Councilman Devin Dwyer said the project is just one of the solutions for the water needs of the city and Orange County.
"It's just a piece of the puzzle," he said. "This is going to be just one of the reasons why we can maintain our water usage."
The project's environmental impact report was originally given the go-ahead in 2005, but a recent state ruling brought the project back to the council. The proposal will need further entitlements from the council Sept. 20, and then it has to gain the approval of the state Coastal and Lands commissions.
The proposed desalination plant at Newland Street and Edison Avenue would bring in nearly $63,000 in property taxes and almost $2 million in improvements at the project's site, according to city documents. Poseidon has also agreed to pay the city $2 million.
Hardy said she had many concerns about the project that weren't addressed, and while she supports the idea of desalination, she couldn't support the project.
"I want to do it right," she said. "I want to have the best facility out there, and I just don't trust that is what we are getting."
More than 100 people spoke during public comment, including representatives for several elected officials and officials from the Mesa Consolidated Water District.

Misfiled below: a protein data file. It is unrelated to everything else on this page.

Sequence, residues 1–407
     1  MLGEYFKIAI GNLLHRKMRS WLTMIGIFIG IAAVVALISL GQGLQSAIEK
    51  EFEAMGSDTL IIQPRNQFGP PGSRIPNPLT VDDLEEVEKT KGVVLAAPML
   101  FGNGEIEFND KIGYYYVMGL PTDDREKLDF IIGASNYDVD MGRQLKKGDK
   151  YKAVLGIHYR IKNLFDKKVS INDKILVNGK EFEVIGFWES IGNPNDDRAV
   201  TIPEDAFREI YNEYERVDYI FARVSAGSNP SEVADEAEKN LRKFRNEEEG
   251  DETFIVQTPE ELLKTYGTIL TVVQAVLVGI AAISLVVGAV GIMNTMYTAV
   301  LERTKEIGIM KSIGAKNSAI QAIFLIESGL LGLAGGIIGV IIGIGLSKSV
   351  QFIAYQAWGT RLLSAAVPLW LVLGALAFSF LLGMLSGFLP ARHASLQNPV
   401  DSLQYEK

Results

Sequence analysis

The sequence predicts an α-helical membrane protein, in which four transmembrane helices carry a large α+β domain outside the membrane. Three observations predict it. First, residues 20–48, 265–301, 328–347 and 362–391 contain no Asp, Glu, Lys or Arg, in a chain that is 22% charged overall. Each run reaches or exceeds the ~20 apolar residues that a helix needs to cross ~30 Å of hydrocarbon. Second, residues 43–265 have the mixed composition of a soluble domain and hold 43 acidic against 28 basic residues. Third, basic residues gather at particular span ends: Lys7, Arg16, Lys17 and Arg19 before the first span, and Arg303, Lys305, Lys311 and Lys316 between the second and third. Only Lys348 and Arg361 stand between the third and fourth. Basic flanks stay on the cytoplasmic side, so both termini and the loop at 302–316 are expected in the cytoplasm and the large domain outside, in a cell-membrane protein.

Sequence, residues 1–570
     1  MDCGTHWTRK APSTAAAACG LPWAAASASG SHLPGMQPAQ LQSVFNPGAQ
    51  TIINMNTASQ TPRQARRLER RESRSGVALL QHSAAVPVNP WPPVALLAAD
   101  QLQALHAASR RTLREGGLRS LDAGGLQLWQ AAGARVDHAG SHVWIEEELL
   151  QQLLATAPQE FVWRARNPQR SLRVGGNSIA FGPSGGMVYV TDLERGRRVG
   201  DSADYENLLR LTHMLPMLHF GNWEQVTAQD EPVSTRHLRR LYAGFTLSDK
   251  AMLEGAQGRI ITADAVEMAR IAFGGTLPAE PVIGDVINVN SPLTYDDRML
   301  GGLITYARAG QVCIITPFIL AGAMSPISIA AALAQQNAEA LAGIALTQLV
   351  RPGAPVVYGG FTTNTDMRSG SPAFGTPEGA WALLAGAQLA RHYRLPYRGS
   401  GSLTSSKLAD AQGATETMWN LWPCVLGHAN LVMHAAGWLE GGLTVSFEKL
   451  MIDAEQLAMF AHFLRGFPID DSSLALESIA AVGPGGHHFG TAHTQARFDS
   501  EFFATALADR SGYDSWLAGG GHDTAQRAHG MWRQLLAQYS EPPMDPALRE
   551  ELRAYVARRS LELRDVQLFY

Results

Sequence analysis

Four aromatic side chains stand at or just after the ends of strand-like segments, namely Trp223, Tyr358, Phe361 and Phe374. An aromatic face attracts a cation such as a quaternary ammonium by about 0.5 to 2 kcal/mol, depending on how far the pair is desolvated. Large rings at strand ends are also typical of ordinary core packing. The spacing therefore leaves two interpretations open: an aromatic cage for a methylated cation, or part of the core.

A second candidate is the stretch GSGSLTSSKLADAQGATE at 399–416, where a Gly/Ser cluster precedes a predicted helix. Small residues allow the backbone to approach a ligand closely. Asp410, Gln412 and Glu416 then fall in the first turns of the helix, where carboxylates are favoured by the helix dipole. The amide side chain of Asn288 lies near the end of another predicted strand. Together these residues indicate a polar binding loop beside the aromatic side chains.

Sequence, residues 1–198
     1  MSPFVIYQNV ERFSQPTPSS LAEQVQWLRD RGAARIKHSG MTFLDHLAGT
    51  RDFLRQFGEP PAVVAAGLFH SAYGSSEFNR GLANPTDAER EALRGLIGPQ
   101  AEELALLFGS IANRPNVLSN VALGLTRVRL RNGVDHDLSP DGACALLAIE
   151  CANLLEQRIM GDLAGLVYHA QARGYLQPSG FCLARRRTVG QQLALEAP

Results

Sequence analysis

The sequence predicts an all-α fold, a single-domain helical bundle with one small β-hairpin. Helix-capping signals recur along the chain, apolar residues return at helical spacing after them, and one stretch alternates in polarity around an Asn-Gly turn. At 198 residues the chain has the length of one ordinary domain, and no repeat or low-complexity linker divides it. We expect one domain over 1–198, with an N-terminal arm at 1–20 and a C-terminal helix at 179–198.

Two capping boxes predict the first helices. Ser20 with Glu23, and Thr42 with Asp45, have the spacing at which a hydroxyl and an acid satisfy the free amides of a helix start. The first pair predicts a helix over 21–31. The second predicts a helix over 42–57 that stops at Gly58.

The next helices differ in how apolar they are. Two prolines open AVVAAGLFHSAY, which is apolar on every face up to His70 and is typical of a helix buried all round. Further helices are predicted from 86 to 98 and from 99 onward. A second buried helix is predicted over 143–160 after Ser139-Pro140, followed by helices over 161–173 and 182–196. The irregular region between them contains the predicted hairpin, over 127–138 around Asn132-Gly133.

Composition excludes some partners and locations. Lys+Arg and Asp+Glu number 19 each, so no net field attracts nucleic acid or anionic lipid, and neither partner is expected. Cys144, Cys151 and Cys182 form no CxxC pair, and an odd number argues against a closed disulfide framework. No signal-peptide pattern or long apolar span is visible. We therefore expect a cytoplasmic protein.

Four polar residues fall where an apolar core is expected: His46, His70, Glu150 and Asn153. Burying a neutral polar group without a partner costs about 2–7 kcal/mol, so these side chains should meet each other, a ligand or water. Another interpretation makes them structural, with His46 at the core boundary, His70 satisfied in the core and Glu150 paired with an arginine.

Proponents spoke of the area's serious need for a stable water supply and applauded the jobs the plant would create along with the tax dollars it would bring to Huntington Beach.
"We must find creative solutions to these [water] problems," said Perry Cain, president of the Huntington Beach Chamber of Commerce. "Poseidon offers a reliable water source that minimizes any negative impact on our environment."
Project opponents raised concerns about the accuracy of the environmental-impact report, noise issues for nearby residents and environmental concerns. Residents also questioned whom the plant is really for.
"We don't want Poseidon," said Joe Shaw, a council candidate. "Huntington Beach doesn't need the water — this water isn't for us."
The project's environmental-impact report was approved in 2005, but the State Water Resources Control Board ruled that power plants have until 2020 to phase out once-through cooling, which takes in and recycles sea water — a process that Poseidon was going to utilize through the AES plant.
Poseidon officials said they will continue to utilize the process while they can, but also received city approval to take in seawater through the Huntington Beach Generating Station.